Be Fair to Your Social Actors
With gentle encouragement from the director, the movie gangsters of Medan serve themselves up as willing subjects to be consumed. There is a pining for the spotlight, for the opportunity to exhibit their power. However, to “empower” social actors in documentary, when the “actors” don’t realize how they will be seen on the world stage (in this film as immoral, grotesque, juvenile and pathetic) is a questionable practice. Many times over we have witnessed, on film and elsewhere, debased, paramilitary mad men in the pay of power. There is nothing new here about these particular criminals – nothing except their ignorance of their own exploitation in the cinema.
The writer, Jeremy Mohler, has suggested that Anwar Congo, the central figure in the film, might have been pleased to tell his tales to an American filmmaker, as he and his mates were hugely enamored of the American action films that were banned by Sukarno’s left leaning government in the 60’s. Mohler writes, “Congo and his buddies resemble the lower-level gangsters in The Sopranos (1999-2007), eager to please the bosses but unaware of the larger games being played above them.” Because Congo’s corrupt bosses received funding, weaponry, manpower and kill lists from the CIA, Congo might have understood, naively, that the American documentary director would thus be delighted with his lurid accounts of murder, since that’s just what the U.S. aid was paying for. I base this speculation on Yngvesson’s account of Congo’s sense of betrayal on seeing the finished film.
Yet a few months after the highly successful launch of Oppenheimer’s film at several major Western film festivals, in an Al Jazeera follow-up report inspired by “The Act of Killing” (Vaessen 2012), Congo weeps during a Skype conversation with his former admirer, who is now safely back in Europe: “I very much feel that what you’ve produced has made things very difficult for me.” Oppenheimer indicates that he understands Anwar’s predicament, but assures Congo that he will never forget his bravery in opening his story to the world, revealing “how people can commit evil acts.”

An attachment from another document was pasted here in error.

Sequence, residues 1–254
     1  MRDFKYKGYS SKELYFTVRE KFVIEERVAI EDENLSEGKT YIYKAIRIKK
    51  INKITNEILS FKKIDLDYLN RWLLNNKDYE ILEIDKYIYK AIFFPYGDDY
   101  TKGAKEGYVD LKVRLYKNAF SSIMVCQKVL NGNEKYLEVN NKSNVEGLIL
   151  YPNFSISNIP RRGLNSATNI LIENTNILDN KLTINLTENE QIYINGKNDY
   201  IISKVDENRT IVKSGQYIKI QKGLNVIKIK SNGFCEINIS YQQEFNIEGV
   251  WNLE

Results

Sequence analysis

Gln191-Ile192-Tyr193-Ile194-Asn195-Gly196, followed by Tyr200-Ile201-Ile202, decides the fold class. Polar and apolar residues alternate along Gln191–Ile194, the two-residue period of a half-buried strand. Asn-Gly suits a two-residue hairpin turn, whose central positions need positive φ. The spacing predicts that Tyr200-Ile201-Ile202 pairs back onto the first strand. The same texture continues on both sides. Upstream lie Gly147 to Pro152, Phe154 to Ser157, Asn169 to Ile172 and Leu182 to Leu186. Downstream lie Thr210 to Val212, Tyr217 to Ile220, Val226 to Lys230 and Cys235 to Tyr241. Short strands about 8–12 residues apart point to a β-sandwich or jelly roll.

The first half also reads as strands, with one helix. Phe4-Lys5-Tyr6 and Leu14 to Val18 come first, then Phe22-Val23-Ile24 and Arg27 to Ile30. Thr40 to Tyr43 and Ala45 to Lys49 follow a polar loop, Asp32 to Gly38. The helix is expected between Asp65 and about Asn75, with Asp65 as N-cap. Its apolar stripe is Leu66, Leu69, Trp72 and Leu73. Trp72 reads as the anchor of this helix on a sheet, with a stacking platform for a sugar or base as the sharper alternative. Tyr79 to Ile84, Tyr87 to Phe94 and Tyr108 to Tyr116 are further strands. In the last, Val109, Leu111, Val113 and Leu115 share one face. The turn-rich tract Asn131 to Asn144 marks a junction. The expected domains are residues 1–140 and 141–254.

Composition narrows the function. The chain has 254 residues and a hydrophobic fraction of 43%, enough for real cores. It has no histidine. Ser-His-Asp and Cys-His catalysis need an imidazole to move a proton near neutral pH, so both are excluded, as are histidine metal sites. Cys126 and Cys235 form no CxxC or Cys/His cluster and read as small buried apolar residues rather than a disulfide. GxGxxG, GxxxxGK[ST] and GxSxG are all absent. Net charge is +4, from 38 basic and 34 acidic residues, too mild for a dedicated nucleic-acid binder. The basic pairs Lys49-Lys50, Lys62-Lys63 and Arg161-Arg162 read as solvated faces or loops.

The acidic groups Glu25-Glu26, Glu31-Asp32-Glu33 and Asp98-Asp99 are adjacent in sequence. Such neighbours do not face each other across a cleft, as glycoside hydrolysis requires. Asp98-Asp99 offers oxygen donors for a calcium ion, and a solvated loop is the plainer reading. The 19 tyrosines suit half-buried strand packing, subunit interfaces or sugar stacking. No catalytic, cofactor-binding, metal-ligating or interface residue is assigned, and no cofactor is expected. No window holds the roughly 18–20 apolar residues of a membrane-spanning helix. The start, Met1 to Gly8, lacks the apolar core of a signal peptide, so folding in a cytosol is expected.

Oppenheimer has indeed succeeded in documenting, and drawing mass attention to, a predicament both uniquely horrifying, and, at the same time, rather typical in the discourse of the Third World: that of gross human rights violations, and, in this case, genocide, at the hands of a corrupt regime and its supporters. The film is thus both problematic and also potentially powerful as a local political tool, depending on the context in which it is shown and what other sources of information viewers have to process its sweeping claims.
Congo, having heard Oppenheimer out via Skype, says nothing, but instead raises himself, still streaming tears, and walks away, leaving laptop and camera alone in the room. For him, and Indonesia, there will be no ending scene, plane ticket home, or “180 degree turn” that leads to an unambiguous truth.
Oppenheimer has said, on the record, that he would be in danger if he returned to Indonesia…in danger, perhaps, from the government, but maybe from the gangsters themselves.